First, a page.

Skillful interviewers who are very well prepared, will come to a job or promotion interview armed with a range of tough questions designed to get as much information as possible about you, your capabilities and behaviours.
Often these difficult questions are designed to see how you respond under pressure or deal with significant problems. The way you answer these questions may well have a significant bearing on the interviewers’ assessment of your suitability to deal with the demands of the job that you have applied for.
Here is a small sample of the types of questions you might expect (and can therefore prepare for), with some suggested ways that you can turn these to your positive advantage in the interview.
Tell me about your most recent setback/failure - what did you contribute to it and how did you overcome it?
Be brief on the details of the setback – spend most time on describing how you dealt with it and most importantly what you learned from the situation. Own up to your own contribution (shows your self-awareness and willingness to take personal responsibility). Conclude on a positive note by giving an example of a more recent success demonstrating how you positively applied the learning from your chosen setback
What is the most difficult decision you have taken in the last three months and how did you go about reaching your decision?
Focus on what made the decision so difficult, describe the options you considered, any advice/input you sought and the critical factors that determined your ultimate course of action. Give this some personality by being honest about the emotional dilemma’s you had to confront, but then show the rationality and logic of your approach
If I had a representative sample of the people who currently work for you in this room, what would they say are your main limitations as a manager of people?
Link your descriptions to any recent feedback you might have had (again demonstrates your self-awareness and openness to feedback). Don't provide a long list – just two or three “development” issues that you are working on – illustrate what you are trying/doing differently. Don't pretend you are perfect – but do illustrate your willingness and habit to learn from experience and feedback. Illustrate with a couple of examples where you have turned any past limitations into current strengths.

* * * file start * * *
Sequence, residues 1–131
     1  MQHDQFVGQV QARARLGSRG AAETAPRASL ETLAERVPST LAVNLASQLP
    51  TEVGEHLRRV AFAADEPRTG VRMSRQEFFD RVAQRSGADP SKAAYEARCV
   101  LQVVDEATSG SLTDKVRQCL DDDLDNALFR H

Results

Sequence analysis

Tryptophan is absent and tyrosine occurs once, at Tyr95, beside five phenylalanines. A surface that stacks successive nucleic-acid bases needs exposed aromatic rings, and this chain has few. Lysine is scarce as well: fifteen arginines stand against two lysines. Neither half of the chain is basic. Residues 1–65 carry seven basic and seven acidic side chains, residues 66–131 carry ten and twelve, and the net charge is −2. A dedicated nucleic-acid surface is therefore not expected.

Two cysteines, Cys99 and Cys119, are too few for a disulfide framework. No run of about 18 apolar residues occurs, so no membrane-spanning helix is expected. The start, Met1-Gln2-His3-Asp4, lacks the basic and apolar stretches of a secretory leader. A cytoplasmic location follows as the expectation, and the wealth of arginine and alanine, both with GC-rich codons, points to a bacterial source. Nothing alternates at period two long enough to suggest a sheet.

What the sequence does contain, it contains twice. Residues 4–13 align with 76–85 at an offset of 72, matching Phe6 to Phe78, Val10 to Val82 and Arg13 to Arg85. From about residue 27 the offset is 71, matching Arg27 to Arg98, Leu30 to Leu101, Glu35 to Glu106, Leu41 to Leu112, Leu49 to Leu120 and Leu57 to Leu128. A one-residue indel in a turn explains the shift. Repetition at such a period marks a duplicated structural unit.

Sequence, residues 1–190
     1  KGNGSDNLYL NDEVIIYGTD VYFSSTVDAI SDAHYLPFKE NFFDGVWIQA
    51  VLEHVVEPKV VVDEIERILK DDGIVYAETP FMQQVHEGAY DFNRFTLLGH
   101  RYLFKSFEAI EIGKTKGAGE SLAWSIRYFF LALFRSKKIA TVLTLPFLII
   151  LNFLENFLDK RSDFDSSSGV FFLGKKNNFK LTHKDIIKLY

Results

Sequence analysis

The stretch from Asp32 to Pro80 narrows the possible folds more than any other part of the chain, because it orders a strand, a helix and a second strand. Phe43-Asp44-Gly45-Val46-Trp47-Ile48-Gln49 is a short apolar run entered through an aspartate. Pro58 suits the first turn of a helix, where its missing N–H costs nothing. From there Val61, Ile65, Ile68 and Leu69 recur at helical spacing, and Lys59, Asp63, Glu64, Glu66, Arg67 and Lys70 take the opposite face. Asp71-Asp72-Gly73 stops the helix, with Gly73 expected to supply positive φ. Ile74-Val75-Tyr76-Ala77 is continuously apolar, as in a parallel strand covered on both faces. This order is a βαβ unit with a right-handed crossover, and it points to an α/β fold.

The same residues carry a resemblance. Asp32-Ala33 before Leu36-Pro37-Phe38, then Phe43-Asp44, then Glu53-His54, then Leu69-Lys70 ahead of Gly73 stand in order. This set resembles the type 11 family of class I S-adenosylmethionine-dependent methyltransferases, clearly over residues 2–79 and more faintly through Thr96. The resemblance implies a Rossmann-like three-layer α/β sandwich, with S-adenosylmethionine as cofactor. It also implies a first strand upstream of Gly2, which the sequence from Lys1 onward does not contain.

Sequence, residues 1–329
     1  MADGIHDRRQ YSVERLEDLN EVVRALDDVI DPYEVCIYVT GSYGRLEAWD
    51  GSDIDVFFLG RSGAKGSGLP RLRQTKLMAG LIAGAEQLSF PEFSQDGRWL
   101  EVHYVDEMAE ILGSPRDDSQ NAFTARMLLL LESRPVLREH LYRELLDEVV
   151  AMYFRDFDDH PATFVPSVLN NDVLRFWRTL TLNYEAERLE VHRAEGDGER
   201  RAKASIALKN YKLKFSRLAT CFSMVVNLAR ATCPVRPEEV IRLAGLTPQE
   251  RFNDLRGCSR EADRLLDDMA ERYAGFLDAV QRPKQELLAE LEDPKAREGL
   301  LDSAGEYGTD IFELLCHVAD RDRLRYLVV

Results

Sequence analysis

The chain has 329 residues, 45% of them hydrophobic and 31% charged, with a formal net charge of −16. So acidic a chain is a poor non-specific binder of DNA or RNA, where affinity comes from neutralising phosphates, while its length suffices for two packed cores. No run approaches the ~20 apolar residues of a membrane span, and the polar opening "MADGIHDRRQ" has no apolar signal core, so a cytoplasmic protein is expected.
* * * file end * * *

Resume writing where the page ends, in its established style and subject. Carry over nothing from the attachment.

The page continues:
Give me an example of a recent decision made by your boss that you strongly disagreed with and felt it necessary to challenge. What was your objection and how did you go about challenging the decision and with what result?
Select an example where you positively influenced the outcome by changing or modifying the decision. Describe what arguments or influencing style you used to address the issue and persuade your boss. Say what motivated you to make the challenge and how you managed the risk you were taking.
Give me a recent example of your involvement in a peer group project where you were called upon to make a difference or change the direction of the project. What did you do to influence your peers and how did you ensure their continued collaboration and buy-in?
Be very specific about the actual difference you made (i.e. what specifically you did or said and what impact it had on others). Demonstrate how you asserted your own viewpoint but avoided being overly dominant or dismissive of others.
Give me an example where someone else’s “political” or manipulative behaviour caused you damage or difficulty. What did you do to confront or change such behaviour? What was the result in terms of ongoing working relationships with your colleague?
Select an example where you successfully confronted the negative behaviour of a colleague by being firm and assertive (as opposed to angry and aggressive). Illustrate what you did and said, and what change this made in your colleague’s subsequent behaviour towards you. Describe why you think you were successful in dealing with this.
Whilst this is a limited sample of the tough interview questions that you might expect, there are some general principles that can apply on how to respond to these and many other such demanding questions i.e.
- Show yourself open and willing to learn from setbacks and feedback
- Illustrate actions you regularly take to raise your own self-awareness of your impact upon others
- Show how you can be resilient, clear-headed and logical when under pressure or faced with difficult decisions
- Demonstrate how you can be firm and push-back on others but in a manner that is purposeful and assertive not aggressive and negative
- Demonstrate that you are both very focused upon achieving the right result and/or outcome from difficult situations but that you try and do so in a manner, where possible, that sustains or gains the commitment of others
- Show how you can positively change or influence situations without needing to resort to formal authority or positional power.
And above all else, remember that tough questions are much less tough if you have thoroughly prepared for the interview and rehearsed your responses to different type of challenging questions.
If you need more immediate help, get in touch with us at firstname.lastname@example.org
Brosna Career Consulting